The land the prison was built on was most likely taken from the previous owner for a rock-bottom price through eminent domain, “bought and paid” for. The cronies who built the prison have all been paid. Most people have heard that inmates are getting the equivalent of gruel. Medical care is rationed. Is it a majority labor eating up these funds? Could that be cut somewhere? Almost certainly.  

The most grotesque feature of the prison complex is the State’s using them as “slave labor.” Some states lend them out to private companies and the inmate gets nothing per hour. Some states are more generous paying up to as much as $2.00 an hour. California uses its inmates to fight wildfires paying them $2.00 per day plus a $1.00 an hour. The fact that people on the Left, those that are always talking about the plight of the minority (of which the prison population is stacked), raises the question as to why this isn’t a major platform for them. Their nemesis, “literally Hitler,” talks more about the need for prison reform than the Left ever does. 

It’s necessary to mention “private prisons,” although it may be a waste of space here. There are no prisons in the US that are “private.” Private companies are paid voluntarily by the public. Every prison in the US, whether it be “public” or “private,” is funded through tax dollars that people did not “donate” towards that purpose. The “private prison” trope from the Left is either dishonesty, or ignorance.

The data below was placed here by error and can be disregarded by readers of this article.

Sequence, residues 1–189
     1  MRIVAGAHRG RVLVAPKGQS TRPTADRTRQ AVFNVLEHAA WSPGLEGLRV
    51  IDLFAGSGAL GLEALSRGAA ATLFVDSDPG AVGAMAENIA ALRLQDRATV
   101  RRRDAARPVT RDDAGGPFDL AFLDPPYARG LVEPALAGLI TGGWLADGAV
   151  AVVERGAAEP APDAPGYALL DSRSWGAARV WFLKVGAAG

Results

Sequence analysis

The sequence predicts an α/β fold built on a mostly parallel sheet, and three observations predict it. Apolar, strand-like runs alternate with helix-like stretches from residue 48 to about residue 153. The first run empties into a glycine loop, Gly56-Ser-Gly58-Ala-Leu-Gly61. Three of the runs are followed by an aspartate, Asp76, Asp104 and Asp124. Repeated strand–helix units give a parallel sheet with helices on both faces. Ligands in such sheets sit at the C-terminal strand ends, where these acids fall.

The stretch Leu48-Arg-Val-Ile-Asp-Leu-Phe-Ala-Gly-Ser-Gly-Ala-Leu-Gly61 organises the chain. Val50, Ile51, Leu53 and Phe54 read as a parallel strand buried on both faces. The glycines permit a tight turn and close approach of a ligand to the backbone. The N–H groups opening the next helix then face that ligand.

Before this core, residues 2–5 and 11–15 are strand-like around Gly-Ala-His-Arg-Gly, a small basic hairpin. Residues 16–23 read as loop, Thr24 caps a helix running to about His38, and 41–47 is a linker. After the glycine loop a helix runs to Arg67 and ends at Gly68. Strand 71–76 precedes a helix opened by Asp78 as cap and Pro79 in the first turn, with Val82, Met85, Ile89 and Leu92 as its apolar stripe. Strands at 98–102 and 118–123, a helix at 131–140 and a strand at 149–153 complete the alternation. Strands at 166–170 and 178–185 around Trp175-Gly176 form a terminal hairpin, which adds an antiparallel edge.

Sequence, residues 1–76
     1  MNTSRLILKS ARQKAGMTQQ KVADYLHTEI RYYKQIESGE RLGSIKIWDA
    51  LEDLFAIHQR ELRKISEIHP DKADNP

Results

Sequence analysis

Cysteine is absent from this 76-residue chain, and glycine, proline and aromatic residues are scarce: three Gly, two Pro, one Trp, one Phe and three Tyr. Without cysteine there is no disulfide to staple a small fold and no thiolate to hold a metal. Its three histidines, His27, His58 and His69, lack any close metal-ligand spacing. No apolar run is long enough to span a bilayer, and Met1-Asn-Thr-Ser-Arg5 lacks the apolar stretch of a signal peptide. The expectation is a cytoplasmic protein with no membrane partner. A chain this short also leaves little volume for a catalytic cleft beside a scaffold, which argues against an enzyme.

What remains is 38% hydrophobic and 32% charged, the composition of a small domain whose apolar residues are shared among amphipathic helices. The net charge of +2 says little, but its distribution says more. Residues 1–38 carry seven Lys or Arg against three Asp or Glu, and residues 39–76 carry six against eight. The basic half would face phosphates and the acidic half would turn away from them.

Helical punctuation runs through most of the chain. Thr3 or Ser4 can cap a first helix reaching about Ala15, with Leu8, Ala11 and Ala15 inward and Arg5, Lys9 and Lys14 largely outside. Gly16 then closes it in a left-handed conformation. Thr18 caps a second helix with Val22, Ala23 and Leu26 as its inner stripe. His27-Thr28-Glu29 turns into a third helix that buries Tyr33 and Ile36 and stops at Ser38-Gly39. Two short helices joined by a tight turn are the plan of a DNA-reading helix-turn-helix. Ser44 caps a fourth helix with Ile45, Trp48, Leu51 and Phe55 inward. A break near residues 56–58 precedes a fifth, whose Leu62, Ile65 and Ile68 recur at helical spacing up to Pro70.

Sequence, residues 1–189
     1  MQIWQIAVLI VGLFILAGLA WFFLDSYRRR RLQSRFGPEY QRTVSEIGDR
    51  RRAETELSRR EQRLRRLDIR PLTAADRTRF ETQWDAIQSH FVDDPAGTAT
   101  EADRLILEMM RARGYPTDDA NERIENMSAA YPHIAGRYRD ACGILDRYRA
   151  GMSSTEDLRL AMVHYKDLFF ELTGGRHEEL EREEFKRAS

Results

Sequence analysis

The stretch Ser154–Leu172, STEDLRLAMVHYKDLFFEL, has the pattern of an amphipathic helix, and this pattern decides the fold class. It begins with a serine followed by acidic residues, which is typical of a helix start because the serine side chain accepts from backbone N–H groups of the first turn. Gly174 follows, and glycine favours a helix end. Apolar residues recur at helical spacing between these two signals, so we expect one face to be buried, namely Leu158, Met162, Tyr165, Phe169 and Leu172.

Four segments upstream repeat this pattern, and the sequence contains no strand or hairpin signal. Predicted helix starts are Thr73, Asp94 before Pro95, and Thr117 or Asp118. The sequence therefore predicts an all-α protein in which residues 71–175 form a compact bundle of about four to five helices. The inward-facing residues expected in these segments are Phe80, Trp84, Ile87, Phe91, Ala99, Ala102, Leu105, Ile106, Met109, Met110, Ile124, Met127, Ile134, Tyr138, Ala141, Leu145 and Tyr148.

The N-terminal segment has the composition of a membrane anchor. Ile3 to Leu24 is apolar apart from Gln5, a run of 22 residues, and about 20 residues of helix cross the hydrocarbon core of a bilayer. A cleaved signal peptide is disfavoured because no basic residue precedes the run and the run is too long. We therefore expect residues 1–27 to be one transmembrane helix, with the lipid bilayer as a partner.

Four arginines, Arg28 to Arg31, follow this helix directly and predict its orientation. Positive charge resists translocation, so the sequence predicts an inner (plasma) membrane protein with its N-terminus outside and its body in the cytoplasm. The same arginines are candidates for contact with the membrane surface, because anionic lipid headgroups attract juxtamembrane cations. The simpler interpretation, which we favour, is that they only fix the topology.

Coming back to the original question as to why the US prison population is so large, anyone who has looked into the nature of a State that has grown to the size and scope that the US has, will inevitably conclude that these “numbers” (pun intended), filling local, state and federal facilities, are there to keep us in fear. Any honest tax professional will tell you they are clueless as to every law in the tax code. Books such as, “You Have the Right to Remain Innocent,” detail how saying the wrong word can get you a lengthy prison sentence even though you’ve broken no law. “Three Felonies a Day: How the Feds Target the Innocent,” shows how the law books are so flooded with random statutes, that any prosecutor who wanted to “make a project out of you” could bring you up on Federal charges. 

Both Left and Right will never speak about this tactic as it is the way they keep power. If they cannot control you, then you are in charge and they need something to hold over you. 

No one feels safer when a cop pulls up behind them, in fact they get paranoid and are more likely to do something out of the ordinary due to fear kicking in. A traffic stop has been proven to be a very easy stepping stone into their system. Many will deny this specific fear exists due to the fact that they’ve never been incarcerated. There are people getting paid 20 cents an hour, at this moment, who once championed those who are responsible for the fact that they are slave laborers. One wonders if they still hold their “betters” in high regard.

About Peter R. Quiñones

Peter R. Quiñones hosts the Free Man Beyond the Wall podcast. He released his first book, Freedom Through Memedom – The 31-day Guide to Waking Up to Liberty in November 2017. It reached #4 in the Libertarian Section on Amazon. He has spoken at Liberty Forum in Manchester, New Hampshire and is one of the Executive Producers on the documentary, “The Monopoly on Violence."